1. nik5ter

          I believe we disagree on our take on how society truly views ‘out there’ technology. I think the vast majority of people usually does not foresee the potential, especially in radical new technologies. Good clip that captures the reality that most people think in current-time context vs. making “the leap”:…I would argue that the end was, and is, hard for the vast majority to visualize. For good reason — the context isn’t there yet. I think you are also assuming that we are already at the end 😉 – internet has matured but there’s a long way to go. Maybe bitcoin will be a part of that future.In 1995, the idea of “broadcast over internet” seemed crazy (…why not radio/tape-recoder?) and got big laughs. But reasoning up from underlying properties, those crazy forecasts were actually quite reasonable. I believe there are equivalent “crazy but actually reasonable” statements we can make today. The below concepts that bitcoin enables are so out there that they will similarly get eye-rolls:1. Autonomous software/machines (not “self-driving” but specifically “self-owned” or “no owner”) – machine to machine transactions2. Autonomous structures and organizations — bitcoin being one of the first prototypes (Automation from the “top down” instead of from the “bottom up”)3. Smart contractsetc.Not every new thing is guaranteed. There are bad ideas. But there are also good ideas that look like bad ideas at first. I guess there’s only one way to find out which one it is — we shall see indeed :).

          1. JLM

            .In the list you provide, you prove my point. None of those “things” are really things — except maybe “smart contracts”. They are all concepts, not usable products.When tablets were envisioned, it was a “thing” that someone could envision holding in their hand and how it might work. Technology caught up and it became a reality.”Smart contracts” is pretty thin gruel to advance either tech or mankind.I would also point out that things like “broadcast over the internet” were incremental improvements of existing tech.I have 1Gig service and can still remember the sound of dial up. I always knew it would get better. Now, I cannot imagine how I lived with dial up. I cannot imagine losing 1Gig.There is nothing I have heard suggested about bitcoin or the blockchain — focusing on the financial sector primarily — that makes me want it.I am content with the digital presence of WFB, USAA, Schwab and am confident that if there is a huge consumer demand, they will add features as they have already done. I like reputable middlemen.JLMwww.themusingsofthebigredca…

  18. rfreeborn

    Fred, a good part of your frustration (I think) is that people have co-opted Bitcoin as short hand for the underlying block chain technology. Moves like NASDAQ using block chain is a harbinger of really interesting things to come and indicative that we’re in the very early innings of this revolution.

  19. Matt A. Myers

    If you bought or had a Bitcoin at $90, let’s say 5 years ago, and then in say 5-10 years it becomes worth $100,000 — for doing absolutely nothing you now have the ability to hire labour of other people or buy products worth $90,910.Ask yourself – is this fair?Remember this isn’t a stock market and shouldn’t act like a stock market because what Bitcoin is attempting to do is be THE transactional layer for financial transactions.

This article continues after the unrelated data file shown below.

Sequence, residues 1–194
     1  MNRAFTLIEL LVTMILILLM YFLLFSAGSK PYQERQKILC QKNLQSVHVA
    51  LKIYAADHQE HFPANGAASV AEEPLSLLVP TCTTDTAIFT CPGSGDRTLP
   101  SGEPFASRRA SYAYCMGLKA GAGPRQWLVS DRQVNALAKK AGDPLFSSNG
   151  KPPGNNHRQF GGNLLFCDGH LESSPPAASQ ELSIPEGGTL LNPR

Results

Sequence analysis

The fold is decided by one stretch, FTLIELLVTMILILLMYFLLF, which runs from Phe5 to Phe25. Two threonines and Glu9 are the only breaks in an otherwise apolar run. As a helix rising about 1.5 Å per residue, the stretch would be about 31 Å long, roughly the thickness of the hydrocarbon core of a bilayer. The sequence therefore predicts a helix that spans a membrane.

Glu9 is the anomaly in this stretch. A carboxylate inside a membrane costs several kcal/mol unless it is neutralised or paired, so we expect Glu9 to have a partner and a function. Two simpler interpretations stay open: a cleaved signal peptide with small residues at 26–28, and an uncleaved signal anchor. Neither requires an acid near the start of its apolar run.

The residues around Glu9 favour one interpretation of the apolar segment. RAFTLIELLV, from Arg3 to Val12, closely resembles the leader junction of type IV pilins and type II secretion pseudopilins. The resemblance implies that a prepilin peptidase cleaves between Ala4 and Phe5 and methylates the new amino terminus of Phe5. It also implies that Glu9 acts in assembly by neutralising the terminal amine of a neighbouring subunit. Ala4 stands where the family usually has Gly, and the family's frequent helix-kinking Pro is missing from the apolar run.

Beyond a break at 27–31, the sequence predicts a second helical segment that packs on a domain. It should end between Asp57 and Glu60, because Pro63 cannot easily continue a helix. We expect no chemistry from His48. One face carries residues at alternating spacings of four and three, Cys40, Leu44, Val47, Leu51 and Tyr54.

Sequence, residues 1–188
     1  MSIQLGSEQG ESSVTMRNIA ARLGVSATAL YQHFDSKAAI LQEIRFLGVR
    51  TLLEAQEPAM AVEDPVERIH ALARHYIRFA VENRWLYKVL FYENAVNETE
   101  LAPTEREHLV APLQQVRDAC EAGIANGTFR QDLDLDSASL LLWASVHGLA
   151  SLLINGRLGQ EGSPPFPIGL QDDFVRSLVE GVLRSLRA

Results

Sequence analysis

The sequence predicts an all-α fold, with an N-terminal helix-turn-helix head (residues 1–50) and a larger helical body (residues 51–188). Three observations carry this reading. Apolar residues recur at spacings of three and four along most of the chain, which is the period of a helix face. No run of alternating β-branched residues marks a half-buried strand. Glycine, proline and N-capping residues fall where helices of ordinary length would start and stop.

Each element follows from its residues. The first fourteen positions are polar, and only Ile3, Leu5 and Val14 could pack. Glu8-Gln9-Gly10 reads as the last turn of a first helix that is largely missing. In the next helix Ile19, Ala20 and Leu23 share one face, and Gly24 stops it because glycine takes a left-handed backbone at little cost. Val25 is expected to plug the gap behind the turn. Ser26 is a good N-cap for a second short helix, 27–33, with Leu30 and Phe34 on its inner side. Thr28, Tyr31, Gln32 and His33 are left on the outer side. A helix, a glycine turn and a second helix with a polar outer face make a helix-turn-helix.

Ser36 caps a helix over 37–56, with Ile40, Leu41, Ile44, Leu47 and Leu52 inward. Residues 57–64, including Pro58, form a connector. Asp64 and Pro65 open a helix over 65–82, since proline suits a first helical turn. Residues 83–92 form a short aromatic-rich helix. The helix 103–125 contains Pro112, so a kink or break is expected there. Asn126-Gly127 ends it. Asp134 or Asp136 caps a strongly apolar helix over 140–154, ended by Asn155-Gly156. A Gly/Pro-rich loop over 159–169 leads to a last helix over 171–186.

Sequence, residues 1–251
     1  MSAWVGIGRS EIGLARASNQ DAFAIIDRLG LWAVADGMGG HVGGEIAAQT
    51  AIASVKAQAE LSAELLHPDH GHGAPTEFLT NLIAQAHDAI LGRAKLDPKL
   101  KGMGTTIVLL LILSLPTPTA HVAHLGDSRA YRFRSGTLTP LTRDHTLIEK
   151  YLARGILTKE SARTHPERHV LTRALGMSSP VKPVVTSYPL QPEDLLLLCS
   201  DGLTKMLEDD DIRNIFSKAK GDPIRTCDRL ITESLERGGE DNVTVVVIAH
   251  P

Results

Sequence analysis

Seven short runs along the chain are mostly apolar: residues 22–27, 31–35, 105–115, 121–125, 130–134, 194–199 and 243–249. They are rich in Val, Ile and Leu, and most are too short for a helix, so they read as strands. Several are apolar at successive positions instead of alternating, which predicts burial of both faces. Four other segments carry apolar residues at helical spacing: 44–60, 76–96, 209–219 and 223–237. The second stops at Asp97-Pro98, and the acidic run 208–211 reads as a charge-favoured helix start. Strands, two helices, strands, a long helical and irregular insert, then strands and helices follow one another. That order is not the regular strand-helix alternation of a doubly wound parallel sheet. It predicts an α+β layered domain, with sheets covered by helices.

1. Bob Vance

      “Ask yourself – is this fair?”It’s a futile discussion to attempt to define ‘fair’. Many people took a risk buying some unknown supposedly worthless currency, and that risk paid off.

      1. Matt A. Myers

        Right, fairness is relative to someone’s biases. Should we let people take advantage of us/society like that?

        1. Bob Vance

          Who’s taking advantage of what? How does it relate to society?

        2. Twain Twain

          With the rise of pervasive Machine Intelligence combined with the Internet, this is the time when society as a whole will be mandated to ask itself the deepest questions about what our values and biases are, what we want our technologies and systems to mean+reflect+represent about us and be able to do, in order for the systems to serve us better.This isn’t trivial, simple or isolated to any elite / niche sector including Bitcoin-Blockchain.We’ll have to deep-dive into what democracy, ethics, transparency, fairness etc are and INVENT THE TECHNOLOGIES to enable our new definitions and make them fit for purpose for future generations — not just what was “democratic, ethical and fair” in the times of Socrates, Plato and Adam Smith.Or even according to the techno-libertarians like Marc Andreessen, Tim Draper and Fred himself.The coding part of the new technologies is, to an extent, easier than frame working the complex and interconnected philosophical imperatives that span:(1.) Computer Science(2.) Economics(3.) Mathematics(4.) Neuroscience(5.) Quantum Physics(6.) Biochemistry(7.) Linguistics(8.) Human behavior, psychology and anthropologyWhere before we built systems based on utility and probability, the future will be systems of coherency between seemingly disparate disciplines.In other words…systems of Zen.Bitcoin-Blockchain only contributes the CS, Economics and Mathematics bits of that — at the most.Maybe there are people out there (outlier types who are also insiders) already working on the other atoms for the central nervous system that will be the Internet, more coherent than what we have today.

  20. iggyfanlo

    I agree the bullish versus bearish question is an odd one in this context… BTC feels to me like the natural (perhaps last) evolution of money as informational exchange.. from stones to gold to coins to paper to bits/bytes at bank accounts to BTC..I guess BTC’s unregulated nature and the question of bullish versus bearish more boils down to your view of governmental power… especially over finance… revolution or power moving to the edge and away from central authorities would naturally make BTC or other regulated currencies FAR more valuable…